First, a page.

Table of Contents
Language and Literacy 3
Social Sciences 5
Health and Physical Well Being 6
The Arts 8
Reference List 11
This report will discuss strategies for supporting infants, toddlers and young children's interests and learning in the areas of language and literacy, social sciences, health and physical well-being and the arts.
Dictionaries describe curriculum as a scope and sequence for a course of study. Experts on Early Childhood Education (ECE) give a broader definition that addresses all aspects of the planning of the programme for individual ages groups, such as content, processes, context and what teachers do. In general curriculum is seen as the means, by which society helps learners acquire the knowledge, skills and values that communities and society deems most worth having.
A curriculum provides ECE educators with a blueprint to help them make thoughtful and knowledgeable decisions for planning and implementing a prgram that addresses all aspects of child development and building partnerships with families. Strategies for supporting infants, toddlers and young children vary from age group to age group. Interests are also very different between the age groups as young children are more developed in their understanding than infants. It is important to remember that children of the same age group can also be at different developmental levels, as defined in Te Whariki (Ministry of Education [MoE], 1996), with the overlapping age categories, acknowledging that there is “considerable variation between individual children” (p.20). so this report will outline just some strategies can be used to support children through our their learning stages, bearing in mind different children need different support. Dewey (cited in Pound 2005 p.22) supports this by saying “children should have opportunities to work in ways that match their age and stage of development”.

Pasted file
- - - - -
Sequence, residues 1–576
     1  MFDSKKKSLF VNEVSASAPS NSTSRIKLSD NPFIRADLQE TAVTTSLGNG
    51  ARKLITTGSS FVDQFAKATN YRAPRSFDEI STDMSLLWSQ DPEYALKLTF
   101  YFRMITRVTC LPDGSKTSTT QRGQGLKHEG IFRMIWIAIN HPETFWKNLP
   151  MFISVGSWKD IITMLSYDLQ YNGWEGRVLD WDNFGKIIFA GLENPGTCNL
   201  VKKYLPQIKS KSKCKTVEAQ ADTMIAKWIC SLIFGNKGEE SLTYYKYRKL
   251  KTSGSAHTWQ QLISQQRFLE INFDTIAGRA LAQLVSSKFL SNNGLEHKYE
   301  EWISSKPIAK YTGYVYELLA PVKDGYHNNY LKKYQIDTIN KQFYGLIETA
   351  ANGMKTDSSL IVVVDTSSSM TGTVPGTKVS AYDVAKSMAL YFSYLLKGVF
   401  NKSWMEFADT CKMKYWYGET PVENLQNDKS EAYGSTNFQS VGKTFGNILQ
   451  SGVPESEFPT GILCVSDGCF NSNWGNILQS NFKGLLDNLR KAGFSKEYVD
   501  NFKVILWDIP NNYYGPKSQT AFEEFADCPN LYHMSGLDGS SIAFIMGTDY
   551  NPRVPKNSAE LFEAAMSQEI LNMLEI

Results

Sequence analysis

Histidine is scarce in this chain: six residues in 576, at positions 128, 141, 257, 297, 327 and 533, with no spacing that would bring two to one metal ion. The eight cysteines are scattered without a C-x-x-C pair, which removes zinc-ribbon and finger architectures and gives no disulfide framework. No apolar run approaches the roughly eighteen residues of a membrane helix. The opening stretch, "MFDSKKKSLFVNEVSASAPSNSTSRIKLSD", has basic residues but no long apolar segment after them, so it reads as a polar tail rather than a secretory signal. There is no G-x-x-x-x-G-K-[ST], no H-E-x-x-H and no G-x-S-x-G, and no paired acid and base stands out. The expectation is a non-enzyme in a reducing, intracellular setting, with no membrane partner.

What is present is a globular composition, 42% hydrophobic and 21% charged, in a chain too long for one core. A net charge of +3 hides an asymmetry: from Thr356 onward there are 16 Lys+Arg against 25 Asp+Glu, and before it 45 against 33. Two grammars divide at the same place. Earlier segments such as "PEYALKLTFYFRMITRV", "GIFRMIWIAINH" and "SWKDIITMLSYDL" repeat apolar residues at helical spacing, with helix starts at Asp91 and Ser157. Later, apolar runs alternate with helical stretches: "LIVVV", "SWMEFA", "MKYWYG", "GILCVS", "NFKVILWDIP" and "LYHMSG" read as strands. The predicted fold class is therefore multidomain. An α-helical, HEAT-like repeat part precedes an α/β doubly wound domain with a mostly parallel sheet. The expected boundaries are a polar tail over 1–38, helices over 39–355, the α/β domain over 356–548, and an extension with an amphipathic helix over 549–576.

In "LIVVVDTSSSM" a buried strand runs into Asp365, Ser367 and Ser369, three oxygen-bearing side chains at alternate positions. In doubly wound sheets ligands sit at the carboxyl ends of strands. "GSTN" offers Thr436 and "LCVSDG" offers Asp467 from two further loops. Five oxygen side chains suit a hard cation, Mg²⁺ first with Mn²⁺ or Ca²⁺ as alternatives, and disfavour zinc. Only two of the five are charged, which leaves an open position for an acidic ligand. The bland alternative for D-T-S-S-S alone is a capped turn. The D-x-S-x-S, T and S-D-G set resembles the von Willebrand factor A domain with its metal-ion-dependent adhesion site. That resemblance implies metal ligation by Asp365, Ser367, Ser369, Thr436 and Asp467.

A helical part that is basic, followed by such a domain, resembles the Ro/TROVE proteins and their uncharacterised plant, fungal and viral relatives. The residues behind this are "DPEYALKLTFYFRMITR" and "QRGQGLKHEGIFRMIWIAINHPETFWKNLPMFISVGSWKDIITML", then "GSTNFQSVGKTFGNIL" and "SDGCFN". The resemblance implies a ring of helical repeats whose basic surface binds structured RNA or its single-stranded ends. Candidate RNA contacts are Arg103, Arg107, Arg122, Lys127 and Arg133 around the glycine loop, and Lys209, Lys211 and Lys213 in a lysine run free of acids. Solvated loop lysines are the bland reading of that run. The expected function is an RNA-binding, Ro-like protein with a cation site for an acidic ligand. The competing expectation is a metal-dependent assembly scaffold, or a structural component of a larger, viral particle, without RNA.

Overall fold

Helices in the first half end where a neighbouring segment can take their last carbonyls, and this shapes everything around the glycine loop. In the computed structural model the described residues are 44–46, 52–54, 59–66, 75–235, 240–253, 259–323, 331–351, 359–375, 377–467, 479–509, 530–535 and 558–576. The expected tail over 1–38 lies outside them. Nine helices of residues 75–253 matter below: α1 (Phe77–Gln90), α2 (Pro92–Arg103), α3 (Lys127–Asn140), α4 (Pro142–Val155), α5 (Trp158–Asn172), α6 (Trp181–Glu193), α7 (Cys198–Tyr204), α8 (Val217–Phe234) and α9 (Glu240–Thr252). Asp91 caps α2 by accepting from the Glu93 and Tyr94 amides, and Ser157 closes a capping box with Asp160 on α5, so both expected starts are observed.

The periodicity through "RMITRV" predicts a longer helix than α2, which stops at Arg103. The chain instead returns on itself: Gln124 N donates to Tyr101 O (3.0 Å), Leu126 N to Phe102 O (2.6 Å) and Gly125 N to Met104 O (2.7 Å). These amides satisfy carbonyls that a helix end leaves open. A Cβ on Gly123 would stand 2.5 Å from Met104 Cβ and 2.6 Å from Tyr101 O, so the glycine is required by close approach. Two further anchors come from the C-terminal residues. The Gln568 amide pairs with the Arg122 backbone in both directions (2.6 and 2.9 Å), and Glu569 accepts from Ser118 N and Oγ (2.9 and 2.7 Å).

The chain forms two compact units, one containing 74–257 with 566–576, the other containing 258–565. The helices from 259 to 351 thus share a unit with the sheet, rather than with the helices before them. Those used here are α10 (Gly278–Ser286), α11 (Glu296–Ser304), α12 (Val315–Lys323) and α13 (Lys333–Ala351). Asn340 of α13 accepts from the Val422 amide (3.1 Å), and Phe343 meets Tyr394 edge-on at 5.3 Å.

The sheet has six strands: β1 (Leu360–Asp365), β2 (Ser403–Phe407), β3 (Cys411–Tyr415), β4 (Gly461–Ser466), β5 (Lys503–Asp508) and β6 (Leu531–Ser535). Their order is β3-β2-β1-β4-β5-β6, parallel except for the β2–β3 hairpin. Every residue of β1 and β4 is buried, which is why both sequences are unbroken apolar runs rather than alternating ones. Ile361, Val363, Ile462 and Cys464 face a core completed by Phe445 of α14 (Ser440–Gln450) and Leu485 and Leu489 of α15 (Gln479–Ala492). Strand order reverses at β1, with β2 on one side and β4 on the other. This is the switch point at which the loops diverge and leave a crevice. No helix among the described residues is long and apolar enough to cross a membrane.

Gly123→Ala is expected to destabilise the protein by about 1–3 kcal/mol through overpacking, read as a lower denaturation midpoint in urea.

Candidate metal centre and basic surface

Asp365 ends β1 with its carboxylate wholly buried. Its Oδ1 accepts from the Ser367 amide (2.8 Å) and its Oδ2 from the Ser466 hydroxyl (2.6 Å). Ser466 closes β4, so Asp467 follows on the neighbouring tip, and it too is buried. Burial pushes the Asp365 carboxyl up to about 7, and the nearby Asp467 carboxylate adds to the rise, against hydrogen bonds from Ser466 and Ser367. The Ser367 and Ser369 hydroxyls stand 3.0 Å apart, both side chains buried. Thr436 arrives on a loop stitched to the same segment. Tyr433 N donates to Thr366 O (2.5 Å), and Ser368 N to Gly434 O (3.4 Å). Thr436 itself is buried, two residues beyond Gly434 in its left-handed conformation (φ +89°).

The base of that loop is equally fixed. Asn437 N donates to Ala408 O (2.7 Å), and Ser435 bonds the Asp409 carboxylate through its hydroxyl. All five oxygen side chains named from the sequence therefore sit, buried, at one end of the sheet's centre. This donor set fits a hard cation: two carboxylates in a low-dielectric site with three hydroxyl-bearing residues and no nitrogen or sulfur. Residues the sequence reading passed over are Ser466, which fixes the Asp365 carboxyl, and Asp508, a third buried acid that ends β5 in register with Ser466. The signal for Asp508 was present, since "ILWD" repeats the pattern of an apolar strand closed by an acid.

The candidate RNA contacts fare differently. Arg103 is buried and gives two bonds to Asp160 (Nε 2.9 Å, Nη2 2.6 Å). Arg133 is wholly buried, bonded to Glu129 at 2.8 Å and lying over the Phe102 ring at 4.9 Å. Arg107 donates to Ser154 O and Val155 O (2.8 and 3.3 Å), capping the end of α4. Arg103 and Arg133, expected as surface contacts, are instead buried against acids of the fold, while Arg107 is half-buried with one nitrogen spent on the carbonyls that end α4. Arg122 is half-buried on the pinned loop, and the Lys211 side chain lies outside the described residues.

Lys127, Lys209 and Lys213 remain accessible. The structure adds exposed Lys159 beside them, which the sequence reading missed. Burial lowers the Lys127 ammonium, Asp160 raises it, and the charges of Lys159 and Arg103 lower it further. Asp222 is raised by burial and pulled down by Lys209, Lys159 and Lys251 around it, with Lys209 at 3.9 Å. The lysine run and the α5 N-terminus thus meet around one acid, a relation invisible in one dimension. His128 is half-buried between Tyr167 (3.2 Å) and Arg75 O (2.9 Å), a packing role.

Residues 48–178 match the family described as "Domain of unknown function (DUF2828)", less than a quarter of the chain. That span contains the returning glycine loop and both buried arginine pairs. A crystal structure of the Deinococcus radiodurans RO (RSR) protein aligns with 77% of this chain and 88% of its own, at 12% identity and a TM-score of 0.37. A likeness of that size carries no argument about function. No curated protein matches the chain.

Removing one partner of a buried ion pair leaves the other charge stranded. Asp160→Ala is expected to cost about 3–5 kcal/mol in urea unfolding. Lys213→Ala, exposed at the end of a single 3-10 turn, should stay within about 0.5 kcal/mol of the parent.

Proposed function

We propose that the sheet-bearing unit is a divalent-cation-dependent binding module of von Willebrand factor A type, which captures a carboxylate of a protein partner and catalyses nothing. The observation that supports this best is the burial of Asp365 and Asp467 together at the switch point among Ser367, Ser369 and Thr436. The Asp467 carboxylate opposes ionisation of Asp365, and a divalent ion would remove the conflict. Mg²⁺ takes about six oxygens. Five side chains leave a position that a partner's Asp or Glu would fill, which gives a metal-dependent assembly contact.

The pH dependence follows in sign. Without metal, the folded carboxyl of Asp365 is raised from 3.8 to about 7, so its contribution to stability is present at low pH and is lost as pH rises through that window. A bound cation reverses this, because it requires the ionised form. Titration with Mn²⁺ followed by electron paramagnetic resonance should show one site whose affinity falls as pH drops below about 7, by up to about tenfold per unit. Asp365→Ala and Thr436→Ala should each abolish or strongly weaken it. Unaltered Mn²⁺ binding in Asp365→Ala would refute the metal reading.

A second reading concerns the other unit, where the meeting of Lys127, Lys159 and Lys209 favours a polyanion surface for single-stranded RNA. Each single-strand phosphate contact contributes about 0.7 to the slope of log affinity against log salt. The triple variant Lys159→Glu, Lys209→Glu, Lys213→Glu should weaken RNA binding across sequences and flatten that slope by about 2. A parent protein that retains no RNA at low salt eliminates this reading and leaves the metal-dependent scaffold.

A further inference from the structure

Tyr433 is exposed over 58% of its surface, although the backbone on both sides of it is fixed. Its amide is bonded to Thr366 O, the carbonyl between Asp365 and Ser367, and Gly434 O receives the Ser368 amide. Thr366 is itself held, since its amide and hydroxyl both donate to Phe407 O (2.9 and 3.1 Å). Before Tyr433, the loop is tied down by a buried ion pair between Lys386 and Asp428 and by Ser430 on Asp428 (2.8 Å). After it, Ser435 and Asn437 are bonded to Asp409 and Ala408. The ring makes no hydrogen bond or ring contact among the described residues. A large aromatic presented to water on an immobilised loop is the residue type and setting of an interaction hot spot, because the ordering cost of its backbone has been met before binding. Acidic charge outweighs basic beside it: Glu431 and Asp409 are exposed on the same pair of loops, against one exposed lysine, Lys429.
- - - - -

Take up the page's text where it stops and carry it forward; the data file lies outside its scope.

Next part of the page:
Activities in a classroom should be planned and presented in such a way to allow the participation of all children, even if there are different developmental levels and stages and a nuturing and intuitive teacher should be able to use different strategies to up skill, scaffold and break down the activity depending on the needs of the children in their care (Ministry of Education [MoE], Te Whariki, 1996).
Te Whariki [MoE,1996] defines 5 strands, well-being, belonging, contribution, communication and exploration. ECE teachers build their curriculum based on these strands which will guidef their learning in early childhood to meet the school curriculum primary areas of language and literacy, social sciences, health/physical well-being and the arts (also math, science and technology). Giving ECE educators a better understanding of what experiences lay a firm foundation for life long learning and healthy development. These standards are used to build curriculum content that is challenging and relevant to what children will be learning when they enter school.
Language and Literacy
Language and communication are the foundation to any child's development so it is important that we acknowledge that this is a part of all areas of children's learning. Education Review Office (2011) says that Literacy learning supports children's language development through activities that are meaningful and engaging and their later achievements in areas such as maths, science and social science.
Infants – At this stage infants will Learn words not so much to communicate but as labels which are associated with people she knows and things likes and enjoys” (Tomson, 2000, p.84). Giving an infant a soft, bright coloured book with limited words and big pictures while sitting with them and talking to them encourages them to make associations with “stories and symbols” (Te Whariki, 1996 p.78) that they know. Pointing out pictures of objects such as animals and making the animal noise